Yves Simon, Educator
World's biggest human brain map unveiled
(Images: Allen Institute for Brain Science)
The world's biggest computerised map of the brain was released yesterday by scientists at the Allen Institute for Brain Science, in Seattle, Washington, after more than four years of cutting-edge research.
The Human Brain Atlas is an interactive research tool that will help scientists to understand how the brain works and aid new discoveries in disease and treatments.
The information used to build it comes from the analysis of two human brains, using magnetic resonance imaging (MRI) and a variation of MRI called diffusion tensor imaging.
Allan Jones, the CEO of the institute, told Wired how the brains were also chopped up into small pieces, and RNA extracted from the tissue. They used this RNA to obtain a read-out of the 25,000 genes in the human genome.
All this information was put together to create a detailed map of the brain. One thousand anatomical sites in the brain can be searched, supported by more than 100 million data points that indicate the gene expression and biochemistry of each site.
For example, a researcher could quickly create a 3D snapshot (see image below) of all the locations in the brain where Prozac's biochemical targets are expressed.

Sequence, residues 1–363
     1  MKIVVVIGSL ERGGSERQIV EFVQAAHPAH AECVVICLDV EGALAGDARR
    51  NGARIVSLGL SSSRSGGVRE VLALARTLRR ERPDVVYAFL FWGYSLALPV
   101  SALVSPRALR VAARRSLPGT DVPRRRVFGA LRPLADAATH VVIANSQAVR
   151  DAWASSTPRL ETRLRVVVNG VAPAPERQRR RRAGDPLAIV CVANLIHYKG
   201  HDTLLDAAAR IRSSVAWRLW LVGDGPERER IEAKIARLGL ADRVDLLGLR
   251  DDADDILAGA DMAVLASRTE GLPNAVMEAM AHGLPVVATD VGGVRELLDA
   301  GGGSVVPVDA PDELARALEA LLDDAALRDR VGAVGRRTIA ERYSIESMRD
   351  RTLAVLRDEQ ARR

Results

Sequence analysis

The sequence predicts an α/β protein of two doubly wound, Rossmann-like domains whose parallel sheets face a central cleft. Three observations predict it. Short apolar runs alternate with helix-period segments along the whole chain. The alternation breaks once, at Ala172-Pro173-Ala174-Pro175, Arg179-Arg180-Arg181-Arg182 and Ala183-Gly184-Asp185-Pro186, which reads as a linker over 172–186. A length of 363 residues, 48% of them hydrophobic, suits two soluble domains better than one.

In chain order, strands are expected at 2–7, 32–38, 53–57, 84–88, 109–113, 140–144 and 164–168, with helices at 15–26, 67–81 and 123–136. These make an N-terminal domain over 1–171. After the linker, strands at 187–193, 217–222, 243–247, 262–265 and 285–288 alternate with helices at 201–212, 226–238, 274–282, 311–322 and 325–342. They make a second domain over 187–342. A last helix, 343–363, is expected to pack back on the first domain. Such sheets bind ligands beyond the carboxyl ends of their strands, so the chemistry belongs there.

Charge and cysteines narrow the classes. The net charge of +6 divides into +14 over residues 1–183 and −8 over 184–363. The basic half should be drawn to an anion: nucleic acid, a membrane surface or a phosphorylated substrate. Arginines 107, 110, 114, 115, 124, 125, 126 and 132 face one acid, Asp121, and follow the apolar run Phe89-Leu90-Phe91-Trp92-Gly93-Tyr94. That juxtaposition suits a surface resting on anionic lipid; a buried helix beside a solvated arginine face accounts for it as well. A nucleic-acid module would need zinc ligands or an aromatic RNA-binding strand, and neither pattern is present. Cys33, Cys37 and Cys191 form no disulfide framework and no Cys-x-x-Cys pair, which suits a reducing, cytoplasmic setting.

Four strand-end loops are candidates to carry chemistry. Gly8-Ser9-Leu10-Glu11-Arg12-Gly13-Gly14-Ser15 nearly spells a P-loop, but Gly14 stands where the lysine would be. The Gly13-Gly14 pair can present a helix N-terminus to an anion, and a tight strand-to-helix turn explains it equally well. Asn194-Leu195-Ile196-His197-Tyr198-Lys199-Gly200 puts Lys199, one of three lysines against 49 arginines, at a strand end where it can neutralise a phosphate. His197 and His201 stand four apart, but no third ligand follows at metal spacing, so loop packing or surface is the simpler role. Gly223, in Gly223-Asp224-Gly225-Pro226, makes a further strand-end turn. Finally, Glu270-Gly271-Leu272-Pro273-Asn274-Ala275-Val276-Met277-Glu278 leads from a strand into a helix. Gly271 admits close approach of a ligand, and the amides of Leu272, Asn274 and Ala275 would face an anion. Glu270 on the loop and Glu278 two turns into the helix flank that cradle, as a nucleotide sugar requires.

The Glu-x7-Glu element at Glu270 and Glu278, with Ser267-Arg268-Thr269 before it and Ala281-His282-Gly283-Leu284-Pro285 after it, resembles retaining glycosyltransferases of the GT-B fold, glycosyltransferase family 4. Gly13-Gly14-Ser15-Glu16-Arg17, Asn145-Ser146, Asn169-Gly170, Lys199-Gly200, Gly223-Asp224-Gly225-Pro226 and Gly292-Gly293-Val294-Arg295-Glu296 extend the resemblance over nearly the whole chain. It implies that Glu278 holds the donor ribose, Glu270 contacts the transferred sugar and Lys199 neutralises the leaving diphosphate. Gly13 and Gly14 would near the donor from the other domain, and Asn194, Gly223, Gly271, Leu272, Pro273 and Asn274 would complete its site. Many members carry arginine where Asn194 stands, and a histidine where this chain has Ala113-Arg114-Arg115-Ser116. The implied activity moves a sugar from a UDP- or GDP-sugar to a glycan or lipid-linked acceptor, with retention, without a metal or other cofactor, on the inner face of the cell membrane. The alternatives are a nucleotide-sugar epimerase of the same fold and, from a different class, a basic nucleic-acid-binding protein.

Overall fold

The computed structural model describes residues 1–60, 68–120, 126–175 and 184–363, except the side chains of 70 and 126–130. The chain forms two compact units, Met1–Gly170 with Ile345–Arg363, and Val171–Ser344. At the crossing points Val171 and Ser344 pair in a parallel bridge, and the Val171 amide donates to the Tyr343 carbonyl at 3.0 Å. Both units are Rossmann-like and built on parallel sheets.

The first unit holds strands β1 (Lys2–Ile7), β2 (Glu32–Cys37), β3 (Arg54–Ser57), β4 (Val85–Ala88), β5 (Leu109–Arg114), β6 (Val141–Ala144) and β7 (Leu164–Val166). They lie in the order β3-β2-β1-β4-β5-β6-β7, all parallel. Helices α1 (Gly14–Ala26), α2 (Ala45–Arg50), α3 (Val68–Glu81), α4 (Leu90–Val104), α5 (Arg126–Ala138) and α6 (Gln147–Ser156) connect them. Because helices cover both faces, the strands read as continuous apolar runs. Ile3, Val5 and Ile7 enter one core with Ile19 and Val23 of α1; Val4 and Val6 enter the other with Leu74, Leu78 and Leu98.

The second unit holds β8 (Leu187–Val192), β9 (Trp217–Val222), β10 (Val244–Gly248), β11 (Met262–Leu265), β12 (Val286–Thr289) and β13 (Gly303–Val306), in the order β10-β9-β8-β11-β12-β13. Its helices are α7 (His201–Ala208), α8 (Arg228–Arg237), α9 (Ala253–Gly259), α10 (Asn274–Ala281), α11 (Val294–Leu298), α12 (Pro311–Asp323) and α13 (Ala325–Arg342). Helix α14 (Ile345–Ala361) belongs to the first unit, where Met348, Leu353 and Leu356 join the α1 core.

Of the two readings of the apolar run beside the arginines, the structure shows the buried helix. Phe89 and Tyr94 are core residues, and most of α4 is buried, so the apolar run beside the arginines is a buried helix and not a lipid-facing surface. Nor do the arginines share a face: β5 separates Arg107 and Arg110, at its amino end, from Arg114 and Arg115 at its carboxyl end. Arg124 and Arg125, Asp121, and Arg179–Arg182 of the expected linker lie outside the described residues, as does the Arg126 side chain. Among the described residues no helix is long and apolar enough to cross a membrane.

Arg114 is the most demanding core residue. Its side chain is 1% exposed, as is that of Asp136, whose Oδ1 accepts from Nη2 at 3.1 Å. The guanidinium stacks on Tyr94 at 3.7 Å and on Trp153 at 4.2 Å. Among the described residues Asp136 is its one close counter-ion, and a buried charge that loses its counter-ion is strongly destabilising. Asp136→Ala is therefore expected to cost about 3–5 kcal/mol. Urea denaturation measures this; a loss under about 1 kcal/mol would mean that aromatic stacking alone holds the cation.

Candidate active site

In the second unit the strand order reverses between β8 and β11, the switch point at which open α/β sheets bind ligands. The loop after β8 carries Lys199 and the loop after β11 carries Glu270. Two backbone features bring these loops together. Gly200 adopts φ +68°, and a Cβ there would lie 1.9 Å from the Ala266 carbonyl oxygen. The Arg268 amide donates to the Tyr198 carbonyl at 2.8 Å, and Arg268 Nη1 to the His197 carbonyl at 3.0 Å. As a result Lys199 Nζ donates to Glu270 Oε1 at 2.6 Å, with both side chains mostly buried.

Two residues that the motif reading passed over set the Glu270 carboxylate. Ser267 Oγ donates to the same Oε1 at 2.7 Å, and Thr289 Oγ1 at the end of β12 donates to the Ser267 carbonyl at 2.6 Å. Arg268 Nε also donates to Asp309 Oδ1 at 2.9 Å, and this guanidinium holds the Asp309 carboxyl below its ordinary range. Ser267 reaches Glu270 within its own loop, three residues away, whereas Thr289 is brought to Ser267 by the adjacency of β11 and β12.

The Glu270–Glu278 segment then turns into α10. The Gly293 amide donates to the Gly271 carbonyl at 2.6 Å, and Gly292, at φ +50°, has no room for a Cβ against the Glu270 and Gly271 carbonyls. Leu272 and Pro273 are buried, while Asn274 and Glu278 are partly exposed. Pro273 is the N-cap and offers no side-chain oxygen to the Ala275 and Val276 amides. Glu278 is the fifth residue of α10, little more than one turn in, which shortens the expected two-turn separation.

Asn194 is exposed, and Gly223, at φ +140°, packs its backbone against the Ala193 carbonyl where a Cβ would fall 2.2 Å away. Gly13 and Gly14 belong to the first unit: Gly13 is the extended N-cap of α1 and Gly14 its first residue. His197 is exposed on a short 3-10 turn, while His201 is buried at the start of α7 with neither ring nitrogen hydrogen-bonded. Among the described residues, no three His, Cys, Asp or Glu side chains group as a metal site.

The researchers found a striking 94 per cent similarity in the biochemistry between the two brains, and discovered that at least 82 per cent of all human genes are expressed in the brain.
Allan says this isn't too surprising: When you think about the complexity of the functions of the brain, and the variety of different cell types found within the brain, it's not quite as surprising to see how much of the genome is used to serve the brain
Both brains used in the $55 million project were male, which prompted The Wall Street Journal to ask why a woman's brain had not been included. Allan told Bloomberg that eligible brain donors usually die from accidental causes or cardiac arrest, both of which disproportionately affect men. However, he says the project is currently processing a female brain, and that ultimately, the facility will run at least 10 brains through the process.
Other researchers are also attempting to map neural connections in a mouse brain, something MRI cannot do. They will turn slices of brain into digital images by an automated electron microscope. A computer will read those images, trace the outlines of nerve cells, and stack the pictures into a 3D reconstruction. Maps like these have limitless potential in drug discovery and human genetics and will no doubt be an essential step forward in the fight against disease.